Does India really need state Governors? – The Core IAS

Does India really need state Governors?

Why this debate?

  • The recent action taken by Tamil Nadu Governor R N Ravi to terminate the appointment of state minister V Senthil Balaji, who was arrested, has once again brought attention to the tussle between state governments and the Governor’s office. It has reignited the discussion regarding the necessity of the post of a Governor and if it should exist at all. However, the conflict between state governments and the office of the Governor are not a recent phenomenon with various states such as West Bengal, Kerala, Punjab, and others having witnessed it a number of times. But prior to delving into the discourse, it is imperative to first examine the position of the Governor.

Governor’s post: Some facts

  • “The governor assumes the role of the primary executive leader of the state.”
  • According to the provisions outlined in the Government of India Act of 1858, the position of Governor was subject to the oversight of the Governor General. According to the Government of India Act, 1935, which was implemented on April 1, 1937, Governors were entrusted with the duty of adhering to the counsel provided by provincial governments. The actions undertaken, ostensibly in the name of provincial autonomy, involved the appointment of Governors who were tasked with serving as representatives of the British Queen.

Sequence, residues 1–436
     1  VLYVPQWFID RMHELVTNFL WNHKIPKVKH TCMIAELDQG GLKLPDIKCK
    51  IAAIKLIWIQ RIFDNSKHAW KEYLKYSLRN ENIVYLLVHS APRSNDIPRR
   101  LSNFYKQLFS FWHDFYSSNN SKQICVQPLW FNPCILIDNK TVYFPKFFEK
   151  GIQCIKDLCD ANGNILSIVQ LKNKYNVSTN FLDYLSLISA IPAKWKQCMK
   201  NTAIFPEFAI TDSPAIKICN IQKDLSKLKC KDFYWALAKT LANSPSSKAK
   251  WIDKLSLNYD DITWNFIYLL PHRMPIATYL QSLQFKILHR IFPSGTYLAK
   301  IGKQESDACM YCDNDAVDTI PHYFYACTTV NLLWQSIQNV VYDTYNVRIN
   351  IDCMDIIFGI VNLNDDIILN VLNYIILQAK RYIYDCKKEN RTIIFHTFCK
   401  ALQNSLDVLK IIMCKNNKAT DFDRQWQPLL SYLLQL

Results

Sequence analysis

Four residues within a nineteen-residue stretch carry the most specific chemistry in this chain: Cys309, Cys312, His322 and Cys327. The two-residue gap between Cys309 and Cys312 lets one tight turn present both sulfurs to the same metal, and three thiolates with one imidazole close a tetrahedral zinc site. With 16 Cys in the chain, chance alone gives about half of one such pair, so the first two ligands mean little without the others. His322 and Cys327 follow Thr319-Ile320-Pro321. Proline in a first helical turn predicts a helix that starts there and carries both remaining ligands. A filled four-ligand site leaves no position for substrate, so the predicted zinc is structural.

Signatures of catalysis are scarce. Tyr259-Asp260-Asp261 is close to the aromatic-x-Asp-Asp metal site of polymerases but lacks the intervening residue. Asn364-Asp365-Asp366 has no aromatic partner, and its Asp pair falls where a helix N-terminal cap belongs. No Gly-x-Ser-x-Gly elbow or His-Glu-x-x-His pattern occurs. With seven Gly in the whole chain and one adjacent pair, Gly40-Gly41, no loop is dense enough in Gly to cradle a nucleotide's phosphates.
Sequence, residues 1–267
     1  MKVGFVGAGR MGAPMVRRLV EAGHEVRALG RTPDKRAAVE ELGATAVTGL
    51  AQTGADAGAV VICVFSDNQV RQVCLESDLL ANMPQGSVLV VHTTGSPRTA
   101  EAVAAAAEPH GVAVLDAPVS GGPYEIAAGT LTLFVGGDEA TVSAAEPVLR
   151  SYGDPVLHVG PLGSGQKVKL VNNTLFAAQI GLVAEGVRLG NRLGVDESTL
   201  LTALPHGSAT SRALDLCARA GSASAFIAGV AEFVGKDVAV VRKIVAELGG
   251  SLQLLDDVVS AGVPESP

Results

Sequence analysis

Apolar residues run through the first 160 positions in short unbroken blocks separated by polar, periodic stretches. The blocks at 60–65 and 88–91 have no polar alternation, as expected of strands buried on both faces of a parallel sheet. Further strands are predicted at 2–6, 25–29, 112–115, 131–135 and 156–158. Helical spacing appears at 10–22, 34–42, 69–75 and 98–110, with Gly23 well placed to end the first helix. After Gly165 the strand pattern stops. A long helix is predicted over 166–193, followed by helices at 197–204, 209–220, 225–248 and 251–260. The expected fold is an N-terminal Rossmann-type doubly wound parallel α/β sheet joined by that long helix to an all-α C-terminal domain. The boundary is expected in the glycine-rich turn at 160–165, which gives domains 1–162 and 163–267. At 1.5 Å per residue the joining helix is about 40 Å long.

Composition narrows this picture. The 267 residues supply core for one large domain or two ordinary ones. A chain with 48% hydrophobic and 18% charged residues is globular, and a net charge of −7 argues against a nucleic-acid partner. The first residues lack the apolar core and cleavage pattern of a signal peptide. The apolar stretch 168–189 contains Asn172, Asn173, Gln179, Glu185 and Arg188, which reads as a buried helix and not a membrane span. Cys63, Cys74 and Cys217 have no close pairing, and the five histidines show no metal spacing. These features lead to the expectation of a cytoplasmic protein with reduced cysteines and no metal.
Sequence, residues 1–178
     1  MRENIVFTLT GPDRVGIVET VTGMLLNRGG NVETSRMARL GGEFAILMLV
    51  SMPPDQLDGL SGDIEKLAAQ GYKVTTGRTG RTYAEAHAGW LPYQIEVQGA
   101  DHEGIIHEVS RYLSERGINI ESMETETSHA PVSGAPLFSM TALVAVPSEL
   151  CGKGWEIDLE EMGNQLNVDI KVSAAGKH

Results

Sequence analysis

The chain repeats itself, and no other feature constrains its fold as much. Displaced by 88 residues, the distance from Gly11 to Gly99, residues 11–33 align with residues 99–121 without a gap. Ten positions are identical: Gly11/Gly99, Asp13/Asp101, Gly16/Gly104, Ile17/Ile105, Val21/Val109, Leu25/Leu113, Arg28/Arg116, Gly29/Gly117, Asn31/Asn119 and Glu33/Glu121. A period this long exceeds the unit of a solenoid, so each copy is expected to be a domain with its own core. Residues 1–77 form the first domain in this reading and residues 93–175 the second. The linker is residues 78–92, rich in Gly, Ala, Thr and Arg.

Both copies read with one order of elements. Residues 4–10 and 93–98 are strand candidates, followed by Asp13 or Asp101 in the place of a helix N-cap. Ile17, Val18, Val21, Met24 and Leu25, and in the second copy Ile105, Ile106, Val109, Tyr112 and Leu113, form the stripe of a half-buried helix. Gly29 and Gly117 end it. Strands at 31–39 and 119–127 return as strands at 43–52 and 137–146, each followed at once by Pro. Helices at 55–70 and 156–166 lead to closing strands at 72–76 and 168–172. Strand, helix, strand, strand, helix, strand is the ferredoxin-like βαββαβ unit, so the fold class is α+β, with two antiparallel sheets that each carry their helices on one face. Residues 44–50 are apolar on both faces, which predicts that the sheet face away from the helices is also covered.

• Later, the Constitution established an analogous system of governance in the states, mirroring the parliamentary structure adopted at the national level. The state executive is addressed in Articles 153 to 167 within Part VI of the Constitution. According to these, the state executive comprises several key components, namely the governor, the chief minister, the council of ministers, and the advocate general of the state. The governor assumes the role of the primary executive leader of the state. Similar to the President, he assumes the role of a nominal executive head, also referred to as a titular or constitutional head. The Governor is entrusted with the executive authority of the State. The individual in question will wield the executive authority, either by direct means or by delegating it to subordinate officers.